The bleeder valve will release fluid with just a ¼-½ turn. Be sure not to open the bleeder valve too hard. You don’t want to release all the brake fluid, as it is corrosive and messy.
If you are just relieving the pressure from too much fluid in the caliper, hold a rag or cloth tightly under the bleeder valve to catch any fluid that is released.
Another way to relieve the pressure from the brake caliper is to put a flathead screwdriver in between the pads and push the pads away from the disk.
This reverse bleeding technique can push the pressure back up the line, but you will need to further diagnose the real reason your brake fluid is gathering in excess in the caliper.
4. Old Brake Fluid
Brake fluid will deteriorate over time and that’s why it is suggested to replace it every two years. During the life of your motorcycle’s brake fluid, water will slowly accumulate in the fluid.
While new brake fluid is a clear yellow, old brake fluid will be darker because of minor rust collection within the brake line.
Either open your brake fluid reservoir on the bike’s handlebar or crack open the bleeder valve to look at the quality of the fluid. If it is old, you will need to replace it by bleeding your brakes.
Because brakes are such an integral safety feature on your bike, it may be intimidating to work on the brake system, but don’t be discouraged. It’s fairly simple to bleed your brakes with only a few steps!
Here’s how to bleed the old brake fluid out of your lines and replace it with new fluid:
- Open the brake fluid reservoir on your handlebars. Using a Phillips head screwdriver, remove the two screws that hold the lid on the reservoir. Make sure to cover the gas tank with shop cloths or rags-brake fluid is corrosive and can damage your paint job.
- Remove the rubber cover from the brake bleeder valve. Your brake bleeder valve is located on the brake caliper.
- Attach a small piece of vinyl bleed tubing to the head of the bleeder valve. Place the other end of the tubing in a plastic or glass container to catch the brake fluid that is bled out.
- Pump your brake three times. This builds up the pressure line you will need to push the brake fluid through your brake line and out of the bleeder valve.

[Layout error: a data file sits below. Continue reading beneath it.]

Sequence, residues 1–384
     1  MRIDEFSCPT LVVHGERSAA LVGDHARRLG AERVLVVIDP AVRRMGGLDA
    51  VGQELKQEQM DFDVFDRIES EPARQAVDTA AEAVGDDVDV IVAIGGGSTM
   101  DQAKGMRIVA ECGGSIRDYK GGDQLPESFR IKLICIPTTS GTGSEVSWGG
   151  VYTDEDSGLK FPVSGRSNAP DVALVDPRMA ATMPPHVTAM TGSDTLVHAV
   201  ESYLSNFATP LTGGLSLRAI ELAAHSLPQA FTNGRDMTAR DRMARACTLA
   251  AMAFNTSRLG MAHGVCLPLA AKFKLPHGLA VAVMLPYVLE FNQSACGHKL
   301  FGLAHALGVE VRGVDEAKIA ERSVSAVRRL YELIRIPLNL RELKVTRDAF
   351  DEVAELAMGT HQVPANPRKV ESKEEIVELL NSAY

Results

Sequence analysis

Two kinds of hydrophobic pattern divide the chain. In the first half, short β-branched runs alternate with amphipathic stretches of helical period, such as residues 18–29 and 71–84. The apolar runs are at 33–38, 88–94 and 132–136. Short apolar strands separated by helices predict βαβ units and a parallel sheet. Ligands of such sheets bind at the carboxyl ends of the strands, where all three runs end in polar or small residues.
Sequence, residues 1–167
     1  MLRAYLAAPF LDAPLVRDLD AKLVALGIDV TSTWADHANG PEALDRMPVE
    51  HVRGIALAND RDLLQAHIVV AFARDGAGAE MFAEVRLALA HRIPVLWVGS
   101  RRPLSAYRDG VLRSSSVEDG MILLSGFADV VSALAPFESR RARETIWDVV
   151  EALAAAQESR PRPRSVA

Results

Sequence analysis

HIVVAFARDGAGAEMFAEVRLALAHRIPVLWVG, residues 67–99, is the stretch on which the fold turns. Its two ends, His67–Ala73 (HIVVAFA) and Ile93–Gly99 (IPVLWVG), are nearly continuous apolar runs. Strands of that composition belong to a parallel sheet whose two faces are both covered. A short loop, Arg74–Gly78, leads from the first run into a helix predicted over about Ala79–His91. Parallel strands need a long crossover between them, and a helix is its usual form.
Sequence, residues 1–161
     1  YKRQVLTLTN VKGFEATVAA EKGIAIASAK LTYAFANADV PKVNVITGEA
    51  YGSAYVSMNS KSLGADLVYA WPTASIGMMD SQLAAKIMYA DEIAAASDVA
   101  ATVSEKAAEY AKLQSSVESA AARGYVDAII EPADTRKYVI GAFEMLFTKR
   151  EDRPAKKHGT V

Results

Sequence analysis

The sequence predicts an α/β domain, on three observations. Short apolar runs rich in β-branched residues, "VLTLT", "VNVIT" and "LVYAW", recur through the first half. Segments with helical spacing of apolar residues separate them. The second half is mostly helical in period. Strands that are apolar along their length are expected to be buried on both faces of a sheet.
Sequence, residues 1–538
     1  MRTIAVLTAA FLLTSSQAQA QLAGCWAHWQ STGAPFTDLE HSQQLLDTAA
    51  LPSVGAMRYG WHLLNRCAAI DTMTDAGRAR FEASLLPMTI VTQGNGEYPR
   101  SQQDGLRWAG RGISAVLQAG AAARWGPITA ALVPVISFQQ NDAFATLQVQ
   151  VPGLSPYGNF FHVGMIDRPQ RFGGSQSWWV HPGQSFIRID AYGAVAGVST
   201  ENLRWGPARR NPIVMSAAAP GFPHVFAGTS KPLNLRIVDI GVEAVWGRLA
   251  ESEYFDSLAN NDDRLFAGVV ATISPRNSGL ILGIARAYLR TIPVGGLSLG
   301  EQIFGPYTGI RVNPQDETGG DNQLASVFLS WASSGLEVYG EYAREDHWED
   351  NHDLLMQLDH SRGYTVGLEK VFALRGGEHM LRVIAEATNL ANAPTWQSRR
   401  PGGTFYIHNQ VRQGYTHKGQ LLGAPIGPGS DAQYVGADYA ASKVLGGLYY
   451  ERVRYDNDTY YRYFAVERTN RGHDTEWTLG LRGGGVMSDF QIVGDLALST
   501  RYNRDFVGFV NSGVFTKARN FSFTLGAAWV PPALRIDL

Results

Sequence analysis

- Crack the bleeder. A ¼-½ turn will be more than enough to open the valve. You want a slow, steady amount of brake fluid to release from the bleeder valve. After the small amount of fluid is pushed out, close the valve again.
- Repeat steps 4 & 5 until clean, yellow fluid is flowing through the bleeder valve. It can take some time and repetition to bleed your brake fluid, so be patient.
- After you are finished with the front brake, move to the back brake. Even if only one caliper won’t release, they share the same fluid and if it is degraded, it can cause the same problem.
5. Stuck Pistons
The brake caliper uses a system of pistons to apply the brake pads to the disk. The hydraulic pressure from the brake line moves the pistons out of the caliper housing, pressing the pads into the disk to cause the friction you need to stop the motorcycle.
Heat, calcified build-up, and sticking parts can cause the motorcycle brake caliper to seize up.
In the case of a seized-up brake caliper, you will need to remove the caliper, clean and grease all moving parts, replace smash rings and rubber seals, and replace.
This is a meticulous process and if you aren’t comfortable mechanically, we suggest you leave this to a professional motorcycle mechanic.
The Importance of Brake Systems
Seized-up calipers can happen suddenly and throw you from your bike, so make sure to give your brake system the once-over when you do a pre-ride visual inspection.
If your brake caliper isn’t fully released, the friction between the pads and brake discs can cause substantial heat, warping the disc and causing further braking problems.
Alongside safety gear like helmets, riding leathers, and tough boots, your brake system is the most used piece of safety gear you have.
If you do a lot of hard braking for any reason, you should do regular maintenance on your braking system more often. Experts recommend heavy brake use should spur you to bleed your brakes every 6 months.
Brake systems in general should be maintained meticulously to avoid any emergency situations that might arise from faulty brake operation.